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Lemon Power Unleashes a Cinematic Soundscape with New Single 'Blackout'



Get ready to experience a musical journey like no other with Lemon Power's latest single release, "Blackout". This genre-fluid rock band draws inspiration from the Spaghetti Western scores of Ennio Morricone, creating a cinematic and eclectic soundscape that’s both captivating and powerful. "Blackout" is a six-minute epic that showcases Sere's raw, emotive vocals and masterful guitar work, blending intense basslines and dynamic riffs to craft a self-reflective narrative. Written, recorded, and produced in a whirlwind of creativity, this track is already making waves in live performances. With its relatable lyrics and grand rock finale, "Blackout" is set to solidify Lemon Power's place in the music scene. Dive into this electrifying track and join Lemon Power on their ambitious journey of independence. Listen here and follow for updates at lemonpower.band.


1. "Blackout" features a unique blend of genres and sounds. Can you elaborate on how the band's genre-fluid approach influences the creative process for this single?


We (Sere and Ale) draw from diverse influences, aiming to write without pre-defined boundaries or labels in mind. The creative process for "Blackout" was an adventurous exploration: Latin rhythms, Arabic guitar lines, Gregorian choirs, and Spaghetti-Western cinematic atmospheres all fused together. It's about embracing total freedom in our music.


2. Sere wrote "Blackout" in just one day. Can you share more about the inspiration behind the song and how it captures a moment of raw creativity and honesty?


Sere: The idea for the song came to me effortlessly, as if everything just fell into place. I started with a Latin drum-loop and experimented with the F-minor harmonic scale on the guitar, which brought tinges of Orient into the picture. When it came to the lyrics, I aimed for raw honesty. I dug into my tendency to sugarcoat my social habits and the reality of my debauched nights out. 


The band was all in when I brought the demo to the studio, and we finished writing it together. The idea started with me, but the song is the collaboration of five people.


3. The song starts with the sound of bells, reflecting the band's Italian roots and the presence of the Catholic Church. How do these cultural and religious influences shape your music, especially considering the band's queer members?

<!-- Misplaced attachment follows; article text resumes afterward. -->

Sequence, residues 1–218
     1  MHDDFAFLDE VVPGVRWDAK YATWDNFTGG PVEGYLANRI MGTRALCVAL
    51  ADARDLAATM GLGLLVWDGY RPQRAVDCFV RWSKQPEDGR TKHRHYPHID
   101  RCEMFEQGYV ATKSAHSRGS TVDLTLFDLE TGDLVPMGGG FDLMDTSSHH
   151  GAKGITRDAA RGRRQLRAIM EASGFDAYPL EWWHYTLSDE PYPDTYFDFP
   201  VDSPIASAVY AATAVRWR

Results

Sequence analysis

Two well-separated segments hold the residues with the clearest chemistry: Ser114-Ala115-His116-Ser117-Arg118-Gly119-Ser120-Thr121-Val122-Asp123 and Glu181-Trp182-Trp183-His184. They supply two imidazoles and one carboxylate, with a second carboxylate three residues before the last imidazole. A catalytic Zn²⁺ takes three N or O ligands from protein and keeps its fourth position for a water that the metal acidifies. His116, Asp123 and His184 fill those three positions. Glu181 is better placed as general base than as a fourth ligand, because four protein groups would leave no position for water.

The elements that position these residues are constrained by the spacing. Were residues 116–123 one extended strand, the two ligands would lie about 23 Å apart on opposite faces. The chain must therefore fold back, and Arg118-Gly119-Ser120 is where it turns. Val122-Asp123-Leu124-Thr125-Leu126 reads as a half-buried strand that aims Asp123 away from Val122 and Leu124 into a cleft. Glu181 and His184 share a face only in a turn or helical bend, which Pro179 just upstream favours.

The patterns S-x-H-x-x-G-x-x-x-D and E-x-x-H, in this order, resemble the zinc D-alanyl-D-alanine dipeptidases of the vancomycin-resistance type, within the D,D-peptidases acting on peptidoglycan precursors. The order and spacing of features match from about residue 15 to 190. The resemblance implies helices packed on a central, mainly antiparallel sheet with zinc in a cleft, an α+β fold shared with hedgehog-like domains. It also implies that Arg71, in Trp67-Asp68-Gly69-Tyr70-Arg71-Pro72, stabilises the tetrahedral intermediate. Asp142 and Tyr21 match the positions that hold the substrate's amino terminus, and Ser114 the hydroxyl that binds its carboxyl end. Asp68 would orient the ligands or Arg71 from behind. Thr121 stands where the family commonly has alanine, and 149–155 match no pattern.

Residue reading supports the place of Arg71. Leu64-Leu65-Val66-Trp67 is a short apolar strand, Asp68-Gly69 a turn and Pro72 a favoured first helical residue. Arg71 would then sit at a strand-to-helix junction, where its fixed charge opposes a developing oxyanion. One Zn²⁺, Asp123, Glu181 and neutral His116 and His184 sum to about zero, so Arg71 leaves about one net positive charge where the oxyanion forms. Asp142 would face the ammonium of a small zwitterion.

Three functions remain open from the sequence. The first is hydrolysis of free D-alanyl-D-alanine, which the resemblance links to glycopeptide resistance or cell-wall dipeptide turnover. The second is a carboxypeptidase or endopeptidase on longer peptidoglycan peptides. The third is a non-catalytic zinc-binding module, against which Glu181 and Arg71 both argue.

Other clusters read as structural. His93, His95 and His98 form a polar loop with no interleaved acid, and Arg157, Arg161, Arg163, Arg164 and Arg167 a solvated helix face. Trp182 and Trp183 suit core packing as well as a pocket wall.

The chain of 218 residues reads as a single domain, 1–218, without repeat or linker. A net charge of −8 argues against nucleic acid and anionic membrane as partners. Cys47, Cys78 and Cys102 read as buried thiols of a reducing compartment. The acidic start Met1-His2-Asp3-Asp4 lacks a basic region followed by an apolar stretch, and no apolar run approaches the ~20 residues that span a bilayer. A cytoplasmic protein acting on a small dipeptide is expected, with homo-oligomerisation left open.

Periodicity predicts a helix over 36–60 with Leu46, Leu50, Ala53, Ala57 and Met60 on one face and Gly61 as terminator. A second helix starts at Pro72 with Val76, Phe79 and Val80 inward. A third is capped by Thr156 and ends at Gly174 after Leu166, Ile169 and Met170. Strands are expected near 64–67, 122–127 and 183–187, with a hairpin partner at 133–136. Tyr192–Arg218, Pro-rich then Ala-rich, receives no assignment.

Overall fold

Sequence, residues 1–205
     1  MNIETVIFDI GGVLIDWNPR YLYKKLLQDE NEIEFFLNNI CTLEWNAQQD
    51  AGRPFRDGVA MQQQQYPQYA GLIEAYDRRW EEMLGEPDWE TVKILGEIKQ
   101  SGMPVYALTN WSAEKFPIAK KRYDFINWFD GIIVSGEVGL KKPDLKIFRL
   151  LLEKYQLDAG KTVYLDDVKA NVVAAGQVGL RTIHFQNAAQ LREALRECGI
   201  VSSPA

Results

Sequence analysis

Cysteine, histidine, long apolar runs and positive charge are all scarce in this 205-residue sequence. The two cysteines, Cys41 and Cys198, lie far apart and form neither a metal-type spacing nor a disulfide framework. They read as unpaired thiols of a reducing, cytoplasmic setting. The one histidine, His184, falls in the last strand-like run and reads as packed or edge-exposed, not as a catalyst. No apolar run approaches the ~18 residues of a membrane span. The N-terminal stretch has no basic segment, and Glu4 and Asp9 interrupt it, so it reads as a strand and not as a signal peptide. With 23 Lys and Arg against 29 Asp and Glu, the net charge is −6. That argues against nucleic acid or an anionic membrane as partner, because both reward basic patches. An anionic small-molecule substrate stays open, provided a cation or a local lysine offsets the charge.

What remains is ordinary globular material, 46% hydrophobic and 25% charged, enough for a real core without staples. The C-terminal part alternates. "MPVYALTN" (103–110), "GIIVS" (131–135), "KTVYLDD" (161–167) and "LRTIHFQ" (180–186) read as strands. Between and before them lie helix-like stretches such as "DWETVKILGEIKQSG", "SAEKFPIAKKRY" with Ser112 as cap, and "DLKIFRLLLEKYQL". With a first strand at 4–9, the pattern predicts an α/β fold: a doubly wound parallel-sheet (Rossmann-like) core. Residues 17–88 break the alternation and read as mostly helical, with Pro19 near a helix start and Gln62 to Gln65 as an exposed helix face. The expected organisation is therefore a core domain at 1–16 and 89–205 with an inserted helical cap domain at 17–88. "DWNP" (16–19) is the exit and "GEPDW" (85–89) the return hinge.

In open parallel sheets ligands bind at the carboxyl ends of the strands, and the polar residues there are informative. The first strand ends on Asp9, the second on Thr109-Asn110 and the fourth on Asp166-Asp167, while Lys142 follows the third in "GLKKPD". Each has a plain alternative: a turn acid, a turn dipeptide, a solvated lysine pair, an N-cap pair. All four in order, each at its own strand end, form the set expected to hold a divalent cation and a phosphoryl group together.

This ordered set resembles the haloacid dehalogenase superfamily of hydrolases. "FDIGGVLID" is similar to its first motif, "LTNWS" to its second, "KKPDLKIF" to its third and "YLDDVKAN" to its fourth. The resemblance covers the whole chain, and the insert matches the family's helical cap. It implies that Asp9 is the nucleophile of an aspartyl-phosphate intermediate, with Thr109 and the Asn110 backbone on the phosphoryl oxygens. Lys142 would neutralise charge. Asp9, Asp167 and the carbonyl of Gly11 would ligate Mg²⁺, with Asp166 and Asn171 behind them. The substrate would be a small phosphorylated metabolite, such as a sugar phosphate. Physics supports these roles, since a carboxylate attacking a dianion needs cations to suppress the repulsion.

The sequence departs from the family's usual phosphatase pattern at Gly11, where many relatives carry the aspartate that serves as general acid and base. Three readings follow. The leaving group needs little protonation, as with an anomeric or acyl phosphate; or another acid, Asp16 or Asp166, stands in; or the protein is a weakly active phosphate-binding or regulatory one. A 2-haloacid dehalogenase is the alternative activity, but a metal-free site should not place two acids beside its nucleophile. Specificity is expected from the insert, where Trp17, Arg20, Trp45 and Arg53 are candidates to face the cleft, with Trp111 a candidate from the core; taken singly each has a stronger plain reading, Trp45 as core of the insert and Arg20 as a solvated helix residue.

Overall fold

We (Ale and Sere) aren't particularly religious, but growing up with Italian roots, we were immersed in Catholic Church music and culture from a young age. Church choirs have this incredible transcendental power, and it was a blast drawing musical inspiration from them for "Blackout."

Sere: The impact of Catholicism on the queer community is a complex and broad topic that’s hard to capture fully in just a few words. In this song, we borrow one aspect: in the Catholic Church, you confess your sins to a priest seeking redemption. I played with that idea, embodying both the sinner and the confessor. 


4. "Blackout" was recorded in several unique locations, including Arch 79 studios and St Matthias Church. How did these different environments impact the recording process and the final sound of the track?


Arch 79 was our rehearsal spot, tucked under the overground train tracks. Recording the drums and bass there gave the track a raw, unpolished edge. To contrast that, we recorded most of the vocals in St Matthias Church using various mics at different distances to capture the church's incredible reverb and space. We think this blend created a unique sound.



5. The lyrics of "Blackout" touch on real-life experiences and emotions. Can you delve into the self-reflective conversation that unfolds throughout the song and how it resonates with your audience?


We see that people interpret the lyrics of this song in various ways—someone even thought it was about stalking! What excites us most is seeing how it resonates with people on different levels.


6. Lemon Power has performed "Blackout" live with strong impressions from the audience. How do live performances influence your music, and what feedback have you received from fans about this new single?


We live for live performances. Our arrangements are always evolving to create moments with the audience. The audience IS part of Lemon Power. The first time we played "Blackout" live remains unforgettable; both the audience and us were transported to a new place. After the show, someone approached us to share how we had changed their lives. For a band like us, that kind of feedback is monumental.

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